We think you have liked this presentation. If you wish to download it, please recommend it to your friends in any social system. Share buttons are a little bit lower. Thank you!
Presentation is loading. Please wait.
Published byAlice Walton
Modified over 5 years ago
Post Reconstruction a.k.a. After the Civil War
Civil War Amendments Thirteenth Fourteenth Fifteenth
Amendment XIII Ended slavery “Neither slavery nor involuntary servitude... shall exist within the United States....”
Amendment XIV Defines citizenship “All persons born or naturalized in the United States... are citizens of the United States....”
Amendment XV Defines voting “The right of citizens... to vote shall not be denied... by any state on account of race, color, or previous condition of servitude.”
Ku Klux Klan Started in 1866 by 6 former Confederate soldiers
Members wore robes and masks to look like the ghosts of dead Confederate soldiers who returned for revenge against enemies of the South. Knights of the White Camellia kuklos (“circle”).
Black Codes: laws that restricted freedmen rights Curfews Vagrancy laws (not working) Labor contracts Land restrictions (forced living on plantations)
Voting Restrictions Poll Tax: special fee paid to vote Literacy Tests (read, write, knowledge) Property ownership
Grandfather clauses Allowed people to vote………….if their grandfather had voted.
1896 Plessy v. Ferguson --Major setback for Af. Amerc. --Segregation legal as long as separate facilities provided. --Leading to the Southern belief of “Separate but equal”
Jim Crow Laws Developed a segregated South This way of life became the “norm” of the South. “That is just the way it is”
Examples: Schools Parks Public bldgs Hospitals Transportation Public toilets Water fountains Sections of theaters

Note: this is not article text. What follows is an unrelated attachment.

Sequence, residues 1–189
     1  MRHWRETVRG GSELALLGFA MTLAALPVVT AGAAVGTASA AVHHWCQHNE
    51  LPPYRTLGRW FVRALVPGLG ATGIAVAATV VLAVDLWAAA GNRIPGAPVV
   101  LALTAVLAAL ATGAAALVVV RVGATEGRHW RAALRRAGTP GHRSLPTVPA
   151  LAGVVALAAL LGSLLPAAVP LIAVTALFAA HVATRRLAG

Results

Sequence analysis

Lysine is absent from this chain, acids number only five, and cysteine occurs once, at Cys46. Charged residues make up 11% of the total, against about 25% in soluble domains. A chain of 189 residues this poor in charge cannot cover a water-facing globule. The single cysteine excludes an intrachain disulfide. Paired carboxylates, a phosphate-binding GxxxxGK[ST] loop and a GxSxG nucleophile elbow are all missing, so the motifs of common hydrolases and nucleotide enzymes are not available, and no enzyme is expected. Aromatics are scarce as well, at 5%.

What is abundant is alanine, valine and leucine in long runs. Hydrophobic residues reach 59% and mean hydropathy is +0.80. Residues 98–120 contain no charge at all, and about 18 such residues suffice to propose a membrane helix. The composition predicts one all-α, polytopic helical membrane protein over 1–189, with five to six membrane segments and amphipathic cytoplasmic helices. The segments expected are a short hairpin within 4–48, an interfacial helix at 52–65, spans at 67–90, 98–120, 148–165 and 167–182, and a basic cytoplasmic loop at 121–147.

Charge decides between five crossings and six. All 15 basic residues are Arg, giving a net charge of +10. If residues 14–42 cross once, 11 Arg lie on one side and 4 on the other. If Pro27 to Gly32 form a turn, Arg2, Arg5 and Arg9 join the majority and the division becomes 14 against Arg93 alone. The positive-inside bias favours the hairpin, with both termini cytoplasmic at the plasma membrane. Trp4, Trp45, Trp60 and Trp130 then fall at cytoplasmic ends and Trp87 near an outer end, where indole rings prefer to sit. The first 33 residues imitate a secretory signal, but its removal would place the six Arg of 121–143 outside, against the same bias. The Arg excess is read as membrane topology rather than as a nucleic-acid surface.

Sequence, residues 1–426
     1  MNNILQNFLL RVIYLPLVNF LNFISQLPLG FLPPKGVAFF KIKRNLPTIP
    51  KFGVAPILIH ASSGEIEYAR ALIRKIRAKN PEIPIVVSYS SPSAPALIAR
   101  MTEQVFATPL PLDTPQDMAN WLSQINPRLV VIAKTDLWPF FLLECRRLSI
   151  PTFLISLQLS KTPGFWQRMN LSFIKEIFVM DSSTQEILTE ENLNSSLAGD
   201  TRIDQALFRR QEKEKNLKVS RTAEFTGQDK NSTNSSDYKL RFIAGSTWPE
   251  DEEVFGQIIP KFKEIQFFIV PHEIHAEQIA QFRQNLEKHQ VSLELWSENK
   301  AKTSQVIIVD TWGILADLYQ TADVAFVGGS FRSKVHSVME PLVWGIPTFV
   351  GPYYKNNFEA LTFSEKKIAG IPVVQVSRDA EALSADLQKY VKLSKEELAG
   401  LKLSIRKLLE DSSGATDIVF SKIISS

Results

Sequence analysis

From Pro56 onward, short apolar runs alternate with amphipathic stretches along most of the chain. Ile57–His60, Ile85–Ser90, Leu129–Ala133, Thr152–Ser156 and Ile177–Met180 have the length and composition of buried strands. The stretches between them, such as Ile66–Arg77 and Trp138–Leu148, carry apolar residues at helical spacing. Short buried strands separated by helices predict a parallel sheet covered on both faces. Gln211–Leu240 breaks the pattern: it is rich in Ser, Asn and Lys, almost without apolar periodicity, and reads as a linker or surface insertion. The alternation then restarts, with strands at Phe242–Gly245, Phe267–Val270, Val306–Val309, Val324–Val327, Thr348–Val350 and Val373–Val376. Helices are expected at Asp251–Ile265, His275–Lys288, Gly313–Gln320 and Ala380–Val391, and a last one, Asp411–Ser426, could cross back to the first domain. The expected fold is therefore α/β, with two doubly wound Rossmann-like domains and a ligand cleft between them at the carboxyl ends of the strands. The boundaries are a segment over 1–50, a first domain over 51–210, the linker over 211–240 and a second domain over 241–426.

The fight back… The Niagara Movement: (1905) vowed never to accept “inferiority”, bow to “oppressions”, or apologize “before insult”. W.E.B. Du Bois leader.
NAACP: National Association for the Advancement of Colored People: (1909) abolish segregation and discrimination, oppose racism, and gain civil right for African Americans.
The National Urban League: (1911) improved job opportunities and housing for African Americans.
Booker T. Washington and W.E.B. DuBois: Two Paths to Ending Jim Crow
The U.S. Constitution and Civil Rights: The Civil Rights Movement- How did we get here?
Reconstruction Chapter 23.
Racial Segregation and the Rise of the Jim Crow Laws
When: approximately from the end of Reconstruction (1877) until the mid- 1950s What: an era in American history when segregation laws, rules, and.
After the Civil War… In the years right after the Civil War, freedmen (former slaves) were able to vote and participate in government, thanks to the.
Booker T. Washington and W.E.B. Dubois
Chapter 16 Reconstruction Test Review
Unit 6 Reconstruction Rebuilding of the South after the Civil War
What efforts were made by Congress to acclimate former slaves into a free society? How was racial equality challenged during the period of Reconstruction?
What term refers to the plan for rebuilding the South after the Civil War?
Reconstruction Freedman’s Bureau took 1 st steps Created by Lincoln during the war Help newly freed adjust to new lives.
Reconstruction Amendments. 13 th Amendment The Thirteenth Amendment to the United States Constitution officially abolished and continues to prohibit slavery.
Reconstruction Reconstruction- A time period after the Civil War when the South was rebuilt and made part of the Union again.
AFRICAN AMERICANS MOVE NORTH. NAACP – National Association for the Advancement of Colored People.
The World of Jim Crow -- chapter 9, section 3 --.
The World of Jim Crow.
Reconstruction Chapter 16. Vocab Reconstruction The period from during which the states that were part of the Confederacy were controlled buy.
Broken Promises of the New South. Today’s Objectives After this lesson, we will be able to… Explain the major legislation that affected African-Americans.
© 2021 SlidePlayer.com Inc. All rights reserved.